New Student Loan Forgiveness

April 19, 2016



The Department of Education announced this week they will be sending letters to 387,000 people who have student loans telling them they’ve been identified as eligible to having their loans forgiven under a new student loan debt relief initiative. The student loan relief will be available to borrowers who can’t work due to a disability.


The notification letters will begin going out to these eligible borrowers beginning April 18th and will continue being sent over a 16-week period. A second letter will be sent after 120 days.


These borrowers won’t have to go through the typical process to receive a discharge due to their disability. All the borrower has to do is sign and return a simple application that will be enclosed in the letter. Previously, trying to obtain forgiveness on a student loan was incredibly complicated and long process. The borrower had to submit an unbelievable amount of documentation to prove they qualify.


The Undersecretary of Education, Ted Mitchell, said in a statement, “Americans with disabilities have a right to student loan relief and we need to make it easier, not harder, for them to receive the benefits they are due.”


These forgiven loans will amount to more than $7.7 billion of debt according to the department. Around 180,000 of the identified borrowers are already in default and more than 100,000 are at risk to having their social security checks garnished. The Department of Education matched these borrowers through the Social Security Administration (SSA) database to determine which federal student loan borrowers are receiving disability benefits and whose conditions aren’t expected to improve.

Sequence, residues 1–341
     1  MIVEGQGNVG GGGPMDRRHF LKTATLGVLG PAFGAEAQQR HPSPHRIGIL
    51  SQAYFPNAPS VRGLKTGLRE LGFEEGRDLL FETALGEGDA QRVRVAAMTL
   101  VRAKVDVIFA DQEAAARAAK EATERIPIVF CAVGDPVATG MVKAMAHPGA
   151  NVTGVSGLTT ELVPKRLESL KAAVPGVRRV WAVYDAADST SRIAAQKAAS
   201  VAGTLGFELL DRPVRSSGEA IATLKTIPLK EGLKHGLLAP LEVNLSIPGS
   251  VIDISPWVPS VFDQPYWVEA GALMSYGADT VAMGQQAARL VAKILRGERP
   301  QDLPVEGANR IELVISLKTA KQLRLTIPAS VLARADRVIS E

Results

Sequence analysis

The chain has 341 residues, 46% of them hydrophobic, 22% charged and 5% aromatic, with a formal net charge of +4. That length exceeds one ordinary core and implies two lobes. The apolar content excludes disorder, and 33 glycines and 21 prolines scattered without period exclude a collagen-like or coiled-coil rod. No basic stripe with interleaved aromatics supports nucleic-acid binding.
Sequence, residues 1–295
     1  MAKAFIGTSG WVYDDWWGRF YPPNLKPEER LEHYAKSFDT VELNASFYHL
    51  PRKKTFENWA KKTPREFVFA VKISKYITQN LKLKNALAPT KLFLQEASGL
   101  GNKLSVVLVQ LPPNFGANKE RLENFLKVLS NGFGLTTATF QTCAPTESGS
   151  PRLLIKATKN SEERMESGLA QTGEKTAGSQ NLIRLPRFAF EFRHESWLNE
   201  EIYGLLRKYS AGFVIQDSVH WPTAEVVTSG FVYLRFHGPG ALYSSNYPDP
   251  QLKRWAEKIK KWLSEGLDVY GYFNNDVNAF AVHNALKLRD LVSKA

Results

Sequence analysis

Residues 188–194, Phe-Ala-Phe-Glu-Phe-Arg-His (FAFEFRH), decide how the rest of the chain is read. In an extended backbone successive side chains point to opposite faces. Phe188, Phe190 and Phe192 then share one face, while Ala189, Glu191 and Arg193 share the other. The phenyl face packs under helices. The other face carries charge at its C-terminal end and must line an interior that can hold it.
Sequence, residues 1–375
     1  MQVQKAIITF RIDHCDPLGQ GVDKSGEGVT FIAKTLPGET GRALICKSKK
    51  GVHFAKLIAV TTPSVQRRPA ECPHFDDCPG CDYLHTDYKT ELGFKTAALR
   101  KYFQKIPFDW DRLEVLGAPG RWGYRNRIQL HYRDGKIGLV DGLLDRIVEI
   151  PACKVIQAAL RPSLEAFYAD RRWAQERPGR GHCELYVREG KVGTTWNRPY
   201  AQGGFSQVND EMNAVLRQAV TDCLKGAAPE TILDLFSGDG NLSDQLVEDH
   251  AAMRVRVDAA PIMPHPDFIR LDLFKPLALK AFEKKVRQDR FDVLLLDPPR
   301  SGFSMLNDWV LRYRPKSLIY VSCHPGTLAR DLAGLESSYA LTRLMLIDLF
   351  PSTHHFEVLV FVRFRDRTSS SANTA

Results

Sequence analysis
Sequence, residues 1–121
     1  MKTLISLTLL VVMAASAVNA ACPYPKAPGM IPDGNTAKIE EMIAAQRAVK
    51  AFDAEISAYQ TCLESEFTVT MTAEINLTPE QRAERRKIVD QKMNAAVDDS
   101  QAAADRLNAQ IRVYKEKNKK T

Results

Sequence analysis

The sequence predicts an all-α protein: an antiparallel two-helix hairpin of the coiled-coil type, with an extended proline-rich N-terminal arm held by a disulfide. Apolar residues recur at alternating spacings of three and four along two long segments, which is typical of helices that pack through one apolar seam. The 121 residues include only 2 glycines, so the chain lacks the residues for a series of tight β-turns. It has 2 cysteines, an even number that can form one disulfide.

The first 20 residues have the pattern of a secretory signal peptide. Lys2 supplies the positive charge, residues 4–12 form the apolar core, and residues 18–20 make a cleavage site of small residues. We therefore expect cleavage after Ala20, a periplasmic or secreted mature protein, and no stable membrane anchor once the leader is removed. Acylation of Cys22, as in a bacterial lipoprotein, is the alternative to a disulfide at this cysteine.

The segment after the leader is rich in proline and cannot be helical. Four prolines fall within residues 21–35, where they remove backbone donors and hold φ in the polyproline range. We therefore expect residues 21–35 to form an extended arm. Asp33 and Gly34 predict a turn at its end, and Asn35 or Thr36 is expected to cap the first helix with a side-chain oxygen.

Eligible borrowers not receiving a notification letter can still initiate steps to have their student loan forgiven but there are specific actions required. There are also options for people who are behind on payments when forgiveness isn’t a choice.


These borrowers whose debt will be forgiven need to be aware the debt may still be considered taxable income. For example: if the student loan is $100,000, the borrower may receive an IRS Form 1099-C (cancellation of debt) or 1099-A (Acquisition or Abandonment of Secured Property) that would be filed as earned income. There are exclusions and exceptions, but doing nothing should never be a preference. If the forms are ignored, the IRS will assume that money is income and you may receive additional fees and penalties.


Defaulting on a loan can haunt borrowers for years and seriously hurt credit scores. If you are in default with your student loan, facing hardship or have questions such as tax issues regarding student loans, loan forgiveness or negotiation, contact an attorney who specializes in student loan issues.


Gantenbein Law Firm can assist with your student loan lawsuit. We have had great success helping our clients negotiate, settle or defend private student loan lawsuits. If you are facing student loan debt, or a student loan lawsuit, or you are in eminent default with your student loans, contact Gantenbein Law Firm to schedule your free consult at 303-618-2122.


Our law firm is also successful at making sure your student loan negotiation, settlement or lawsuits do not expose you to tax liability. For more information on our Denver tax attorney, please visit our Tax Law webpage. 


Gantenbein Law Firm also specializes in Real Estate Law, Business Law and Estate Planning, Wills & Trusts and Probate. For more information regarding these areas of law, please visit our website at





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